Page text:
Over the East River in New York City stands the Brooklyn Bridge, connecting the Brooklyn and Manhattan boroughs. From end to end, the bridge spans 6,016 feet and weighs a heavy 14,680 tons. Ever since construction on the Brooklyn Bridge was completed in 1883, the bridge has offered a safe route with scenic views to tens of thousands of tourists and commuters who have traveled it via train, car, pushcart, and bicycle. The history behind the Brooklyn Bridge is definitely intriguing as well as important because many fatalities occurred in the construction process, including one which occurred before construction on the bridge even started. Also, a lot of workers, time and money were used in building the bridge. In addition,
On December 29, 1876, a train was crossing over a railroad bridge spanning the Ashtabula River when the entire bridge collapsed, sending most of the train into the frigid water below. This disaster would be the deadliest bridge disaster in the United States. Investigators quickly tried to determine why this bridge, after eleven years of service, collapsed. The investigators would ultimately place the blame on the president of the Ashtabula Railroad Company, Amasa Stone. The bridge was constructed with many flaws, both known and unknown. This disaster would lead to people realizing the need for structural standards for bridges and qualified engineers.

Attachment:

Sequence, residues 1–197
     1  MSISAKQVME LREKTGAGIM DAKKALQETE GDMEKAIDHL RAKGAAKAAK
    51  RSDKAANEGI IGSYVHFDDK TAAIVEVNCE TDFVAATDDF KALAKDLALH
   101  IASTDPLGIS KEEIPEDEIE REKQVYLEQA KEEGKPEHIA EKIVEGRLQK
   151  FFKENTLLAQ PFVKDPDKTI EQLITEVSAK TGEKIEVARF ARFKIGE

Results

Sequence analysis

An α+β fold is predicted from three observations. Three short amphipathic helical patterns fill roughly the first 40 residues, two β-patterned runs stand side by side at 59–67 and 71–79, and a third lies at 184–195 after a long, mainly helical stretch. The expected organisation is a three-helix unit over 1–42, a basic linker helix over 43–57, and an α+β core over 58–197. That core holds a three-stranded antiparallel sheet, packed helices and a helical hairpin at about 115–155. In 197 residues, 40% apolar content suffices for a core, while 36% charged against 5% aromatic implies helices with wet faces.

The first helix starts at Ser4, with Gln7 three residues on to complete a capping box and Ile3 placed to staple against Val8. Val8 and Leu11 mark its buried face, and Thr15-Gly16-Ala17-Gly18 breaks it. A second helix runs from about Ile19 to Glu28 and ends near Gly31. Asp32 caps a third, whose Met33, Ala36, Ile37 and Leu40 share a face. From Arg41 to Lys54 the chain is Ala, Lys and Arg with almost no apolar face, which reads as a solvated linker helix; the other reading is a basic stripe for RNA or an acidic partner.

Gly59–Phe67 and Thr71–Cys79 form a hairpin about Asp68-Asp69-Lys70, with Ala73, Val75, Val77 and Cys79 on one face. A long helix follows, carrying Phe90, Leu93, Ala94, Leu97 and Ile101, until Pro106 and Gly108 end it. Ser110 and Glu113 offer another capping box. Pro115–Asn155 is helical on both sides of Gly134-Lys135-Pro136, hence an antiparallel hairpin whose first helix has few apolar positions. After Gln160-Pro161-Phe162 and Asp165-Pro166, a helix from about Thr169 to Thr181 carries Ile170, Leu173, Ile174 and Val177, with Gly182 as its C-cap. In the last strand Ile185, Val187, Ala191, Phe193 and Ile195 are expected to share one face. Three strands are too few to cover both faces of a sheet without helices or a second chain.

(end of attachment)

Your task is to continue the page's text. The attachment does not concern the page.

Approximately 600 workers were related to the construction and total cost at that time was $15 million. As it was constructed after the Civil War when the racism between people’s was very severe. The workers were actually poor and immigrated people. So they got paid very less wage like $2 dollars for a day or something. They also worked under a very uncomfortable situation like in very hot weather, in rain, under water which made many of them sick. They also get many types of normal disease to serious disease like headaches, itchy skin, bloody noses and slowed heartbeats. More than 100 workers suffered of numbness, speech impediments, joint pain, paralysis, convulsions and some were dead. There were very fewer safety rules for them at that time. Their contribution made it possible to construct the bridge. When the first day it opened, approximately 250,000 people walked across it and people witnessed a great invention. A week after the opening, approximately 20,000 people were on the bridge when a wrong panic started that the bridge was about to collapse. Then people started to run and twelve people were crushed to death and many people
The 14-year construction of this urban landmark that stretched across the East River was completed in May of 1883. This was not only a bridge; it stood for many significant symbols. During this time period, the industrial aspects of things were at its peak and this represented the strength of the industry. Also it symbolized the use of immigrant workers and how much time and effort they put into making this bridge. Twenty seven men died while creating this bridge and that is something that most people forget when looking at the bridge, people risked there lives while giving a society that people needed. Not only that but it took tons and tons of steel and iron in order to complete this bridge and it was part of the steel and iron boom. This landmark led to the rise o...